Examples of our professional learning include:  

  • Research and evidence-based strategies on specific measures (eg. Instructional leadership, student-teacher trust, collaborative practices)
  • Shared learning experiences
  • Supported work time to plan action steps

Leadership Coaching

From research, evidence, and practice we know ensuring all students learn at high levels, particularly in high-poverty schools, is an immense challenge. We also know that professional development for both teachers and leaders can, at times, be limited and challenging. Leadership Coaching with UChicago addresses both of these challenges through on-site, embedded coaching using evidence and research on school improvement to support and drive growth. Our coaches:

  • Support school improvement planning and implementation
  • Diagnose and support action steps for acute challenges
  • Provide feedback to the school leader and leadership teams

 

“We examined the 5Essential survey results and decided to work on student-teacher trust. We met with our leadership team coach to help prepare for grade-level meetings, they’d offer suggestions for teacher input and materials and resources to use. He met with our student council and asked them questions about student-teacher trust and used their responses to identify key trends and patterns. Through the work, I saw areas that needed to improve that I don’t think would have been identified if not the work of the partnership. Teachers became more aware of the impact of their words and actions when interacting with students.”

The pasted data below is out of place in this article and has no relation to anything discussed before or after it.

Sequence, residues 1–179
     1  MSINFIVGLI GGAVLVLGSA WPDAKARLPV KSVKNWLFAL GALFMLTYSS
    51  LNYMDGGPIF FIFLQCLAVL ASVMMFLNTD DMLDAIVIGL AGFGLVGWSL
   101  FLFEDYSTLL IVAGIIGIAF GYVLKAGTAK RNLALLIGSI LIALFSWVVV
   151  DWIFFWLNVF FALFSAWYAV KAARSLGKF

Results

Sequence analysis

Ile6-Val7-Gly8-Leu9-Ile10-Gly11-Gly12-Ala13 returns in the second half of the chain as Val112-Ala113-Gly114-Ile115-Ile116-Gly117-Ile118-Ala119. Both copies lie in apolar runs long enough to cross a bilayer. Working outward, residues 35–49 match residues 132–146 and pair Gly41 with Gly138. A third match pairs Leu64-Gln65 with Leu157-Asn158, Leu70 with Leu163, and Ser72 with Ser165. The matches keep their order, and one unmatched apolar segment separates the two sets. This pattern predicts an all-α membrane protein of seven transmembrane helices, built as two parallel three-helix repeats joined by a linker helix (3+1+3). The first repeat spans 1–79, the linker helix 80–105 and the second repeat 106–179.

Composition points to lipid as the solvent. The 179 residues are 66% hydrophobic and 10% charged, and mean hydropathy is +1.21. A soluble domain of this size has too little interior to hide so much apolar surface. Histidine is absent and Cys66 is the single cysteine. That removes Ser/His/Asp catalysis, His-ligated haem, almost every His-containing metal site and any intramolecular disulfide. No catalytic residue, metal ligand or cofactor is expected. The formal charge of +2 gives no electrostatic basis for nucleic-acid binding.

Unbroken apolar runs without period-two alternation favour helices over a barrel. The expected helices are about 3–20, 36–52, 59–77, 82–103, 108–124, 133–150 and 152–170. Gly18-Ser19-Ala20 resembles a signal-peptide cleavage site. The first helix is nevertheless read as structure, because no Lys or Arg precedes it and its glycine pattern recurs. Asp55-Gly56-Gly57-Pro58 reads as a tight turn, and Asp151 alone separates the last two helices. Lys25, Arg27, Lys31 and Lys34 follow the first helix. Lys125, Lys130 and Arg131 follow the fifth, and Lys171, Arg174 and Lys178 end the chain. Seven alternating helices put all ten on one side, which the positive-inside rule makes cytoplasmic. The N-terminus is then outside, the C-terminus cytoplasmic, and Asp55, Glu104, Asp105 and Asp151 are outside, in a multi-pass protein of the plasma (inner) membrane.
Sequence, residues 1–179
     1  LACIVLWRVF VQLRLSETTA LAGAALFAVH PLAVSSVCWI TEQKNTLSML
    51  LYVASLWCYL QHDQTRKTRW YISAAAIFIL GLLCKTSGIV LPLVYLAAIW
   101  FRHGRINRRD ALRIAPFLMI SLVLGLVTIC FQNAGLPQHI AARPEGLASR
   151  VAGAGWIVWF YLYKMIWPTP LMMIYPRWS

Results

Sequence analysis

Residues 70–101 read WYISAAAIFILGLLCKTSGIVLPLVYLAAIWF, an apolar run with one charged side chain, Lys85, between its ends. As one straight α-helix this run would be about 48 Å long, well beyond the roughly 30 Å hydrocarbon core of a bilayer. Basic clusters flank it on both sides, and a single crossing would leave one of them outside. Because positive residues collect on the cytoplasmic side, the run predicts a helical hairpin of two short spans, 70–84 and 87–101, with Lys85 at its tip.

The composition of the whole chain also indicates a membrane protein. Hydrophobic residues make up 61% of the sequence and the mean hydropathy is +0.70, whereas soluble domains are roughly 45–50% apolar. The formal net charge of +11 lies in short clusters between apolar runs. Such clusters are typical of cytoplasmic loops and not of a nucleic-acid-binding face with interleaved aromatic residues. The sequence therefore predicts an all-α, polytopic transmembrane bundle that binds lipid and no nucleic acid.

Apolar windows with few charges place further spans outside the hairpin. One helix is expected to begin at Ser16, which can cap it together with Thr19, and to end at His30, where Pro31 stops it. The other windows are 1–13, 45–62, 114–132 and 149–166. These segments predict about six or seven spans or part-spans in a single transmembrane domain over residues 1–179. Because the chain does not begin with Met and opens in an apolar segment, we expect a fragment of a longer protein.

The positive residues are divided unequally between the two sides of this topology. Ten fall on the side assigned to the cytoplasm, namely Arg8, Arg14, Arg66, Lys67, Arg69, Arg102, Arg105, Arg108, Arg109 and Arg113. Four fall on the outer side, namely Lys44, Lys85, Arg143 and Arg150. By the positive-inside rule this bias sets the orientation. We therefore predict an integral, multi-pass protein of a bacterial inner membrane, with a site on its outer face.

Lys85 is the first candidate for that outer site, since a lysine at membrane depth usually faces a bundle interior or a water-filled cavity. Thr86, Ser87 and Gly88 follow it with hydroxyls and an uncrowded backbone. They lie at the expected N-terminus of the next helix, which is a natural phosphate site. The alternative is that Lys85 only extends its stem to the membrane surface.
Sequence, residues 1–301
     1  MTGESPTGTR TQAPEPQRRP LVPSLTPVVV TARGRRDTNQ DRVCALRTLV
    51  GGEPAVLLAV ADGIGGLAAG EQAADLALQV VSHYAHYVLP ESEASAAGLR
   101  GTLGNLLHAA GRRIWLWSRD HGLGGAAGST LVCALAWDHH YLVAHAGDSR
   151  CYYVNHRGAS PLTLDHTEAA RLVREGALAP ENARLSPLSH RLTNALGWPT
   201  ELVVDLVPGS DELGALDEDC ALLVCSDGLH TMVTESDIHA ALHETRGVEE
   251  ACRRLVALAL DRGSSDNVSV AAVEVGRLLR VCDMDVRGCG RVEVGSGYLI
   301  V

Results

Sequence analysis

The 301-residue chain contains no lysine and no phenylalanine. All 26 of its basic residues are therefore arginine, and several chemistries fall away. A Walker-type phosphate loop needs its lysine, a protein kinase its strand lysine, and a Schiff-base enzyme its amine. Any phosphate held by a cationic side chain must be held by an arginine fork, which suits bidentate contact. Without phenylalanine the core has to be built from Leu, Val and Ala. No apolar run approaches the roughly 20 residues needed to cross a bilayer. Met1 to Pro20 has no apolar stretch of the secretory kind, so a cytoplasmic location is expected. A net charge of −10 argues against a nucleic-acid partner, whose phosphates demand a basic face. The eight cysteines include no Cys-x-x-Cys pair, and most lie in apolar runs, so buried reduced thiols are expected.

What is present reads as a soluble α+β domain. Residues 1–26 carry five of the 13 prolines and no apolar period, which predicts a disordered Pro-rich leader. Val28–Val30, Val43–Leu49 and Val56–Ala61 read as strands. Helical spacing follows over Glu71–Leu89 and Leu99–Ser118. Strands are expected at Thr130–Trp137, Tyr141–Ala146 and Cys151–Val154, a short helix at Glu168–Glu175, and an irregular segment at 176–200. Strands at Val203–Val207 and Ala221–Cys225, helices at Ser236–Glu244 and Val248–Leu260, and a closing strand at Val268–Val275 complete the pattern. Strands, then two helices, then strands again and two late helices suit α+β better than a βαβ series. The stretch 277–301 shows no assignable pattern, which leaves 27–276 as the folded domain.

—Marianne Turk; Leadership Team Member, McPherson Elementary

 

Scroll down to "related readings" for more information on these supports.

Results

The 5Essentials Survey is currently being used in diverse school contexts in 14 states and 30 cities across the United States. These settings vary from the entire state of Illinois including Chicago, a school in rural Montana, to Iowa, to suburban St. Paul, to Kansas City, and private, parochial and public schools in Detroit.